Maybe this is just me wanting to think better of the man, but I can't help but look at The Dunwich Horror and The Shadow Over Innsmouth as Lovecraft kind of looking at his own racism as how it would look were he not one of the favored race, but as one of the unfavored ones.

I don't know. It's really easy to look for ways to mitigate Lovecraft's racism, and I think that's a dangerous road to go down (I sat uncomfortably through a panel at the recent Necronomicon where a bunch of old white guys (and one woman) tried really hard to sweep it all under the carpert. I was deeply disappointed). Rather, I think Lovecraft's racism (and class snobbery) makes his stories more complex. So, at the end of "The Shadow over Innsmouth," are we meant to read Robert Olmstead's decision as embracing his true heritage or as the ultimate horror of being dragged down by the miscegenation in his past? Is Dyer's sympathy for the Elder Things at the end of "At the Mountains of Madness" sympathy for sentient beings in any guise or pity for a noble race brought low by decadence and their inability to keep their brutish servants in line? Even the ending of "The Dunwich Horror," which I read as undercutting the heroics in a very Modernist way could just be read as a nasty dig at the ignorant rubes.

I find one set of these readings to be more attractive, but the other readings add an extra layer of complexity to the stories, which is something worth considering. I'd like to believe that Lovecraft became more progressive as his life went on, but I sometimes think that his longing for a more equal society had more to do with a desire for a society that would let him live as a genteel aristocrat, as he always deserved rather than actual notions of justice....
posted by GenjiandProust at 5:31 AM on November 15, 2013 [2 favorites]


Weren't the shoggoths supposed to be surprisingly intelligent for being ambulatory goo?
posted by Pope Guilty at 5:42 AM on November 15, 2013


Someone should do an ap which basically texts at the punch of a key 'I know too much... Cthulhu ftaghn...! The many eyed one! The Gate And The Key.... it's outside... it's coming in....!' for those sort of eventuallties when you've just not got time to type before an extra-dimensional horror eats your soul.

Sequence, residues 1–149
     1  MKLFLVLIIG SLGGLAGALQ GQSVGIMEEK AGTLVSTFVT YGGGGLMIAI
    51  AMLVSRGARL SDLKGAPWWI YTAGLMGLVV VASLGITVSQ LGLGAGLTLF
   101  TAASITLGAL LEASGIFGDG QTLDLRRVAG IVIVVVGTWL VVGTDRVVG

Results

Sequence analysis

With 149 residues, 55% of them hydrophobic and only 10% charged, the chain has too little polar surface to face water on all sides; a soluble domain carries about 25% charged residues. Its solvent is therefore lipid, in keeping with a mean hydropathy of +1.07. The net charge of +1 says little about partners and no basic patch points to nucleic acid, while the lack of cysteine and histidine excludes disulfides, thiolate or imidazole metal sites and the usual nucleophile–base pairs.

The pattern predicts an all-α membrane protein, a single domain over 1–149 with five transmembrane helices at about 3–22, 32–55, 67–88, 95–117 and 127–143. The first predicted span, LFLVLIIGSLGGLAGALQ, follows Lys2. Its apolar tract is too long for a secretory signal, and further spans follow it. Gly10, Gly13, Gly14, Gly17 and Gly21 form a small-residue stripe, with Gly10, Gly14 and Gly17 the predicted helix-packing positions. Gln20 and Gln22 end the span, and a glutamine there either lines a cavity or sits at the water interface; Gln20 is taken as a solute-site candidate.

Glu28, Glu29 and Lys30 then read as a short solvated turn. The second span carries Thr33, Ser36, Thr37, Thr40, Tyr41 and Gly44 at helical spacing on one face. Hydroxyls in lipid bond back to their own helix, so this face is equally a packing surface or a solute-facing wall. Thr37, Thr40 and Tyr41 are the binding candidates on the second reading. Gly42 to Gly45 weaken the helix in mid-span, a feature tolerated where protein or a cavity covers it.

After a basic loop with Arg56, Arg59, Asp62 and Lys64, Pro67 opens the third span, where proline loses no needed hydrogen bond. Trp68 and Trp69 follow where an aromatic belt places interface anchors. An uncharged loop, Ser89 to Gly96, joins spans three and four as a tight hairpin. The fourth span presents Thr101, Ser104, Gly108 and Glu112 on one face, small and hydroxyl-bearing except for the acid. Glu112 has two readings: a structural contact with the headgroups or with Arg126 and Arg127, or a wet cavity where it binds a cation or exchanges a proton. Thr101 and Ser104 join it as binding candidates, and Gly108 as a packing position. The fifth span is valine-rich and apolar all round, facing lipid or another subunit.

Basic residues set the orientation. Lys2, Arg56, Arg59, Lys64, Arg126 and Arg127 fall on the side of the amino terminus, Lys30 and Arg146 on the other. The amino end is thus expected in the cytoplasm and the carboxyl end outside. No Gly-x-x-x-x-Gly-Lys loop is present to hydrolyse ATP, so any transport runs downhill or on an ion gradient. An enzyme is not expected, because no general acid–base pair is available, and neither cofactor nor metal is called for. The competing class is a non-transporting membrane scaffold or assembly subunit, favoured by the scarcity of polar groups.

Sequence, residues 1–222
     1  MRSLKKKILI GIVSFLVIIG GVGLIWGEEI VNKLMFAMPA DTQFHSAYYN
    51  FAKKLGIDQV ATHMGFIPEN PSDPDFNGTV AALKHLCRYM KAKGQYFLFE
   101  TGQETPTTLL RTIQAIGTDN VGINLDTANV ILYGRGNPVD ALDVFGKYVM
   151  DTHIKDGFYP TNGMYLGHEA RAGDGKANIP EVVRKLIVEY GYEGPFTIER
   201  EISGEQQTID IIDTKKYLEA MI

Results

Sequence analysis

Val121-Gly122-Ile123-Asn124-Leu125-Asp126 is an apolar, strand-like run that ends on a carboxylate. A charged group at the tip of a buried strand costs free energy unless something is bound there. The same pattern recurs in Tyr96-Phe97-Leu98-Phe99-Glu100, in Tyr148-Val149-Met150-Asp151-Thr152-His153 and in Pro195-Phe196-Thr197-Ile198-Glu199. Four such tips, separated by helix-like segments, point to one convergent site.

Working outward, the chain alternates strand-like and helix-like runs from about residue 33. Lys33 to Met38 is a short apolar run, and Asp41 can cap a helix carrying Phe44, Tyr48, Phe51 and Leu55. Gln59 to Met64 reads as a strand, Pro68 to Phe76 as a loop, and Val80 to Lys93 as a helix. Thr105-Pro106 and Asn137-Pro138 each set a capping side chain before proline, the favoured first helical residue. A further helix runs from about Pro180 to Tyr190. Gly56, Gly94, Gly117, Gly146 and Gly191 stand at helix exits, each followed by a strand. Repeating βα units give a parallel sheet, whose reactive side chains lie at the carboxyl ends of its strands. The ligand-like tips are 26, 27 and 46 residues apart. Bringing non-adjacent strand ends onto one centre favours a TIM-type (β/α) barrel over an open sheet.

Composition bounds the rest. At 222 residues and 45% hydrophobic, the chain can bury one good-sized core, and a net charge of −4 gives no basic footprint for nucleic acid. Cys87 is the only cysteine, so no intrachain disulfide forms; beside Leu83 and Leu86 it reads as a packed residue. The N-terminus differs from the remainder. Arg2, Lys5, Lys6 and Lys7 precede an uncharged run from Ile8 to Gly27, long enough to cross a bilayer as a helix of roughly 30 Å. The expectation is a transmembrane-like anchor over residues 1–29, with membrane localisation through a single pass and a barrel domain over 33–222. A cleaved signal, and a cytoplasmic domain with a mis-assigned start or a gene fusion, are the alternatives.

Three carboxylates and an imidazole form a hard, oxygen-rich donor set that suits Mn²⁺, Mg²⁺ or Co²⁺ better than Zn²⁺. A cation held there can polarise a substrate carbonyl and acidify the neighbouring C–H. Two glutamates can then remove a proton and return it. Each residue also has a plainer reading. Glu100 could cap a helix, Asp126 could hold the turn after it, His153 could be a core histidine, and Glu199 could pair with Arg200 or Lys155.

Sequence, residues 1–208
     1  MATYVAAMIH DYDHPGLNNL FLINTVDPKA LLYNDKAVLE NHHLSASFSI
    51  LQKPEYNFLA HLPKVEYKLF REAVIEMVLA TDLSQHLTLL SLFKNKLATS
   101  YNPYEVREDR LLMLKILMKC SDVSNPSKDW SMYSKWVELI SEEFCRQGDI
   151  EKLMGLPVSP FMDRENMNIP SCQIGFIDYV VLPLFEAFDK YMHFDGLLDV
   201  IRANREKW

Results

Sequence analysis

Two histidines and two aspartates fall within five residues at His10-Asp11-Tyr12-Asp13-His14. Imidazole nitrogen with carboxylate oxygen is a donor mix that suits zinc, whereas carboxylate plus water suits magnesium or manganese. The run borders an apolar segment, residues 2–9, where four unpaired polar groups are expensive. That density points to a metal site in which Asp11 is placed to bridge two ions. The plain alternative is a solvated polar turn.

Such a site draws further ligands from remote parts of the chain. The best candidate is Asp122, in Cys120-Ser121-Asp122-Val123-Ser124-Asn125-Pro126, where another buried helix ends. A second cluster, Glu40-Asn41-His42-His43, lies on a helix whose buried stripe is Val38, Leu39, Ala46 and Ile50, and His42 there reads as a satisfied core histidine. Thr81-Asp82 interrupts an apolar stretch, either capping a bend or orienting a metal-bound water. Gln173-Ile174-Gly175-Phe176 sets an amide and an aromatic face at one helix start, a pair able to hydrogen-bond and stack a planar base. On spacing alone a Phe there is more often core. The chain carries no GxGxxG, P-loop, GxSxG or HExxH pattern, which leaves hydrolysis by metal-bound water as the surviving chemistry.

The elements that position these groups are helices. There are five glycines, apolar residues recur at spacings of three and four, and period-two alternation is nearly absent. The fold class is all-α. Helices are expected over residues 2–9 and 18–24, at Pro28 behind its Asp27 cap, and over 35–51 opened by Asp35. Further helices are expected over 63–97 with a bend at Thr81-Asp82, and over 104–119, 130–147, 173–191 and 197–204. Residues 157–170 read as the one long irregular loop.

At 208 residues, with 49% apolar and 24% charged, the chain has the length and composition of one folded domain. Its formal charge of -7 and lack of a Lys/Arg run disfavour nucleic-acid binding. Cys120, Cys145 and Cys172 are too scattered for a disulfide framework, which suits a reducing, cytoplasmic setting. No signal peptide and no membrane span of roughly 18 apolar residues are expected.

posted by fearfulsymmetry at 6:16 AM on November 15, 2013 [1 favorite]


When the TV serial Dark Shadows adapted elements of The Dunwich Horror and other Lovecraft stories for its "Leviathan" storyline, they were faced with a similar problem. The actor playing the "human" incarnation of the beast in the attic had become popular, and the producers liked the romance between him and the girl who was supposed to have been sacrificed to the beast.

So, they found a way to destroy just the beast incarnation; brief, happy marriage for the human and the girl, and when he eventually died a totally redeemed character they brought the actor back in a new role (as they were wont to do with performers they liked).
posted by The Underpants Monster at 6:27 AM on November 15, 2013


I don't know. It's really easy to look for ways to mitigate Lovecraft's racism, and I think that's a dangerous road to go down (I sat uncomfortably through a panel at the recent Necronomicon where a bunch of old white guys (and one woman) tried really hard to sweep it all under the carpert. I was deeply disappointed).

The fact that it's not only easy to look for them, but easy to find them, is suggestive. It's not that dangerous, we're not going to forget the The Horror At Red Hook*. But, also, most reports I've heard had him working out of his racism later in life, and people are allowed to discard bad notions. Plus, 1930s.

I can't speak for those others people you mention, but all I'm suggesting is remembering him, not as a cardboard cutout with the word RACIST on it, but as a human being. You shouldn't unequivocally demonize him or lionize him. Or, anyone.

So, at the end of "The Shadow over Innsmouth," are we meant to read Robert Olmstead's decision as embracing his true heritage or as the ultimate horror of being dragged down by the miscegenation in his past?

Arguments can be made for both sides. The complexity itself shows he was conflicted about it.

(* Yes, he is complex, so I'm going to remind you that his cat was named N***** Man, and that name actually got to be used in the story The Rats In The Walls, which is usually edited out in anthology printings. As a side note, I offer the following. The Call of Cthulhu campaign Spawn Of Azathoth has a section that takes place in Providence, Rhode Island, and so there's a neat little self-referential bit [page 31 of original printing] where players can call upon Lovecraft's home and talk with his aunts. [There are no leads in the game that go here, it's only if players are playing a bit OOC themselves.] Lovecraft is out, in New York by that time living with his then-wife Sonia Greene, but his cat is in. The adventure makes it a point to note that the name of this cat is Bubastis.)
posted by JHarris at 3:23 PM on November 15, 2013 [1 favorite]


byanyothername: "I've always found the "still scribbling despite being consumed by toxic incomprehensibility" aspect of the device to be charming, though. Stalwart scholars, those weird fiction protagonists!"

"He who is valorous and pure of heart may find the Holy Grail in the aaaaarrrrrrggghhh..."

posted by Chrysostom at 2:44 PM on November 20, 2013 [2 favorites]